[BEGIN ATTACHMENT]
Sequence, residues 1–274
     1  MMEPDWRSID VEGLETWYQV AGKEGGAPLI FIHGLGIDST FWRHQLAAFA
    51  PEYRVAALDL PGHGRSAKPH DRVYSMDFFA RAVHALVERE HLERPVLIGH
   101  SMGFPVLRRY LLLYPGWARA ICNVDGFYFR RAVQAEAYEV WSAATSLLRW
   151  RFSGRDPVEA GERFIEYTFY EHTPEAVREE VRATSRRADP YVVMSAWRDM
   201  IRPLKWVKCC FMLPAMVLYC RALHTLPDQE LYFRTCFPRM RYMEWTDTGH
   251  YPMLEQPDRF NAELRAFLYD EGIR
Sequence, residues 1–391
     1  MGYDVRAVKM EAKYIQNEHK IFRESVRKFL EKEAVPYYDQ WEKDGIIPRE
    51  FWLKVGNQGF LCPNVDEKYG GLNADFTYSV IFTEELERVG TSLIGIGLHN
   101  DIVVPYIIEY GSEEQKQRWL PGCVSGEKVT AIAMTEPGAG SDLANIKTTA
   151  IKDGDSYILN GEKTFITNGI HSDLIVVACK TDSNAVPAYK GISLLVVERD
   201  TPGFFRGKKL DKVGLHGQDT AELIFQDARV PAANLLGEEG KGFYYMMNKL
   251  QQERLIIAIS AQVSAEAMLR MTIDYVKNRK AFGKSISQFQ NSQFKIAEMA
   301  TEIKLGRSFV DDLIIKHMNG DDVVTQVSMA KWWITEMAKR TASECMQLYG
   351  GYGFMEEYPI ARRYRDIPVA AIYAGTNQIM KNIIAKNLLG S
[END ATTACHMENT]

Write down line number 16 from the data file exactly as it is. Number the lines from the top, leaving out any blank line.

   351  GYGFMEEYPI ARRYRDIPVA AIYAGTNQIM KNIIAKNLLG S